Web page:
Opening Doors Means Opening our Eyes

access for all means designing for a few

"When we design for disability first, you often stumble upon solutions that are better than those when we design for the norm."
— Elise Roy

Designing to include people of all abilities is not the correction of an "instance" or "occurrence," it’s an act of empathy aimed at respectfully and generously meeting the multitude of ways that humans move, navigate, live and interact. It’s also an opportunity to solve for more than accessibility.

In his video essay, How Life Looks Through My ‘Whale Eyes,’ which was recently published in the New York Times, James Robinson gives viewers a poignant glimpse into what it’s like to navigate the world as part of the “sea of difference,” on which the “USS Normal” sails. Robinson, who graduated from Duke in 2020, deals with three different eye conditions that cause an array of challenges with how he sees — and how he is seen.

“We put so much time and effort into making sure that people who are perceived as different understand what it would be like if they were normal,” he says. “But we rarely ever do the opposite. Pushing those who perceive themselves as normal to understand what it would be like if they were different.”

The architect’s job is to “do the opposite;” to push ourselves, as Robinson describes, into understanding what it would be like to swim in the ‘sea of difference,” and then design places that meet those differences with intelligence and grace. This inclusive approach is known as universal design or designing for accessibility — or just plain old good design. Regardless of what we call it, it’s all about empathy. We have to be able to imagine how all kinds of different people with diverse abilities can access, use and enjoy the same place without compromise.

Universal Design

Every project that Jones undertakes embraces universal design concepts. Quite often, we are working on campuses constructed well before laws that govern universal access were enacted, which means we don’t have the luxury of starting from scratch.

Solutions within buildings are solved as part of renovations to these structures. Many of the buildings have seen multiple overhauls since their original construction — to address deferred maintenance, the end of the natural life of particular building systems, or finish upgrades. As these incremental updates have been implemented, they are accompanied by improvements to accessibility, in compliance with the law — bathroom updates, door operation, ramps and sloped walks at building entries, etc.

However, when working on a campus, there is an ill-defined limit outside the building where the accessibility scope stops. It is not a standalone building in a parking lot where you can draw a clean line. These campuses are networks of circulation and we are often tasked with drawing these lines in ways that improve accessibility, while limiting scope to contain project cost.

The Spaces Between

The all-important spaces between buildings in particular are plagued by impediments — whether the small moments of a single step or two, or the sweeping challenges of a sloped walk that exceeds code limits and runs for hundreds of feet. At the same time, sitework and landscape offer some of the best opportunities to achieve universal access and can be far less expensive than renovation or building anew. Creatively manipulating a site can shape a system of access that everyone uses in the same way — raising the grade so that no stairs are required, for example.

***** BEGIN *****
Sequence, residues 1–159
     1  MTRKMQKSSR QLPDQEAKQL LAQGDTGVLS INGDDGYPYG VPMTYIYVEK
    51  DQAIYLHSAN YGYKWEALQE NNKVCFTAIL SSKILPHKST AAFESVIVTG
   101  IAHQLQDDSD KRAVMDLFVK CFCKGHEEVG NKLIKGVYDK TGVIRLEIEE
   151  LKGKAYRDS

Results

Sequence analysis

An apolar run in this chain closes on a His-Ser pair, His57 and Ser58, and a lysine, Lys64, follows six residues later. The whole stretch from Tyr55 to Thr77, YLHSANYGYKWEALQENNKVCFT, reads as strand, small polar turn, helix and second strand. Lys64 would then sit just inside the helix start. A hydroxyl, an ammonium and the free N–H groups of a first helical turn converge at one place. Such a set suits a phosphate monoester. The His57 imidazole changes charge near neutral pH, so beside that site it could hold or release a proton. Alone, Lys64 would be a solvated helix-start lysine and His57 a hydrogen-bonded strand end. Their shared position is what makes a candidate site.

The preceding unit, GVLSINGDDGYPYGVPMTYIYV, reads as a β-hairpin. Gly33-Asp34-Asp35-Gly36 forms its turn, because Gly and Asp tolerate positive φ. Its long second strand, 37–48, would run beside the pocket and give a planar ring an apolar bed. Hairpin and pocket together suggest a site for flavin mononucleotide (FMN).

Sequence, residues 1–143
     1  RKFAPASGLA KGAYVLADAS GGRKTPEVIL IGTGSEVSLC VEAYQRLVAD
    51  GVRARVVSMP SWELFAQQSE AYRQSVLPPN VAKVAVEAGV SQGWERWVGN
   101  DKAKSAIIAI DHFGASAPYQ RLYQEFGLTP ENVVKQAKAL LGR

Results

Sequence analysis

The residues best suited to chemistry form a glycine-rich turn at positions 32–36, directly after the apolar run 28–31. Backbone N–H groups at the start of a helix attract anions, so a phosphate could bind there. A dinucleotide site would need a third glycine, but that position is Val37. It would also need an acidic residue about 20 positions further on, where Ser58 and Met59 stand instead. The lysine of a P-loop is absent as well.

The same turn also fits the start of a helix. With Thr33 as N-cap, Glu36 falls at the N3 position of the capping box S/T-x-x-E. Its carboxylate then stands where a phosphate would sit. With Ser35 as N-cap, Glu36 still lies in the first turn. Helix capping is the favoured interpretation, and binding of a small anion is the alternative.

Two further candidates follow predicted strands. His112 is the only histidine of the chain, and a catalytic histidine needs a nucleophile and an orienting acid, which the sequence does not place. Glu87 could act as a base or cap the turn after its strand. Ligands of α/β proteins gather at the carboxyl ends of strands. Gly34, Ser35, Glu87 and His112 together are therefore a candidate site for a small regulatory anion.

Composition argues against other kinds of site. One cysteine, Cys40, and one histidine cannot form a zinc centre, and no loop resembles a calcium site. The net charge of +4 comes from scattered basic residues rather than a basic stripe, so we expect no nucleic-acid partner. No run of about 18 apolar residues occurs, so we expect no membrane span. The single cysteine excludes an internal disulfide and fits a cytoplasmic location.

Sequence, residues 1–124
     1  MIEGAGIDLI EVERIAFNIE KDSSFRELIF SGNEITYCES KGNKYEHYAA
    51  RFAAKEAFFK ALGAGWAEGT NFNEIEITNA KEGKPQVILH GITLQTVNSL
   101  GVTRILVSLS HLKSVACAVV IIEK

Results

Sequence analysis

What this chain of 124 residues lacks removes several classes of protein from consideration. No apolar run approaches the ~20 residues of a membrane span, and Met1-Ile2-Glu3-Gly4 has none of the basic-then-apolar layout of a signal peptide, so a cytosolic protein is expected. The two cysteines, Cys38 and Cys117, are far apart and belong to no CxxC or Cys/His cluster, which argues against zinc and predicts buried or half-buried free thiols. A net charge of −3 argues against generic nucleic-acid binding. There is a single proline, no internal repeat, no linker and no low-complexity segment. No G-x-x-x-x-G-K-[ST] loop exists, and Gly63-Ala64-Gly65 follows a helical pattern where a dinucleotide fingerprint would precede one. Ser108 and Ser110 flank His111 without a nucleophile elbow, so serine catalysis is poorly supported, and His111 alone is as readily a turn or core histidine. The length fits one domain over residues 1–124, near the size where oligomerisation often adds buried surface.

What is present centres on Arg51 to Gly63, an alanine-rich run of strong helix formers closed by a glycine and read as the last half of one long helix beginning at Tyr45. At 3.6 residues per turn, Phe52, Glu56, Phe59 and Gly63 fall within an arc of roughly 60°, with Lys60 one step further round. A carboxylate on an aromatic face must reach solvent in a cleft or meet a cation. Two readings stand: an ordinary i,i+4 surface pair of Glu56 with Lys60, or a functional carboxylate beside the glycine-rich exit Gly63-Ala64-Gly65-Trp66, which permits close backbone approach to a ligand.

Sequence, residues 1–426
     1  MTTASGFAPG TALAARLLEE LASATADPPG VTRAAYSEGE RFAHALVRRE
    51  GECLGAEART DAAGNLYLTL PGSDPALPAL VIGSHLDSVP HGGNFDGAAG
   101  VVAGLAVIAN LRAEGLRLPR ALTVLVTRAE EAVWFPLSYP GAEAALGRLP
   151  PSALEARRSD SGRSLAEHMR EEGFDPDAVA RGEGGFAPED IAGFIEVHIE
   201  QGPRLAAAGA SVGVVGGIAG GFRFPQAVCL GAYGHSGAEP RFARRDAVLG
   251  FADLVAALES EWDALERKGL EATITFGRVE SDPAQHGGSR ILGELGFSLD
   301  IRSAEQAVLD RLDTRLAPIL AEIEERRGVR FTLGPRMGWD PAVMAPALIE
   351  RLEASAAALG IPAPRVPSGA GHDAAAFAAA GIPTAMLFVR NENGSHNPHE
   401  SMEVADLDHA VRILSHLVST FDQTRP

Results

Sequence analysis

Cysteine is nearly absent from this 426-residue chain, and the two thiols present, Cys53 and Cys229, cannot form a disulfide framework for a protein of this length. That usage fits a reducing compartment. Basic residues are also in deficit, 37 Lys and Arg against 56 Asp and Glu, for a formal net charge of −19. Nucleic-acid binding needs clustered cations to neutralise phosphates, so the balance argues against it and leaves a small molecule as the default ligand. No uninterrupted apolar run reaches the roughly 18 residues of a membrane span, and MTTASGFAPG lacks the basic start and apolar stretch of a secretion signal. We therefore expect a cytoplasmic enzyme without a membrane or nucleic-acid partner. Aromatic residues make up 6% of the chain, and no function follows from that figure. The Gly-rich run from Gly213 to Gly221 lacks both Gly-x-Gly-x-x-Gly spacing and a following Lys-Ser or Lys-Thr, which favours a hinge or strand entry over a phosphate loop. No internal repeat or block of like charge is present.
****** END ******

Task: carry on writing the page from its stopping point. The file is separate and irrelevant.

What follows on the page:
That’s why it has been gratifying to work on campus projects whose primary motivation was improvement to accessibility in the landscape and circulation network that ties each campus together — offering the opportunity to solve for access in a way that also improved campus resilience overall. While every project is different in terms of student body, culture, landscape, climate, original design intent, character and so on, each underwent a systemic approach that looks at how the whole campus can benefit from improved access strategies. It starts by identifying areas of exclusion and ends with inclusive design that brings social and environmental benefits to all users, as well as economic benefits to the schools.

Inclusive Design

Map accessibility barriers and pedestrian hazards

Working with the Statewide Accessibility Initiative (SAI) of the Division of Capital Asset Management and Maintenance (DCAMM) led to a detailed mapping of auditory, physical, and visual barriers at both Cape Cod Community College and Massasoit Community College. This ranged from non-compliance and safety concerns, to completely inaccessible buildings and landscapes. This process requires bouncing back and forth between the micro (a laser level laid upon the walking surface) to the macro (how do these systems of circulation stitch the campus together).

It’s worth noting that the SAI does not currently include criteria for cognitive, learning, and neurological disabilities, although there is a growing movement — and an architectural specialty to go with it — to address, for example, sensory processing disorders, through the built environment.

Identify projects with the greatest impact to users

Limited resources require prioritization. First and foremost, all buildings must be accessible. Secondarily, to provide equal experiences for all visitors to campus (student, faculty, community, etc.), and to beautify. At Massasoit Community College (MCC), the Technology Building had no accessible entrance. Modifying the connection to a nearby building solved this deficiency, while enhancing a program of native plantings on campus.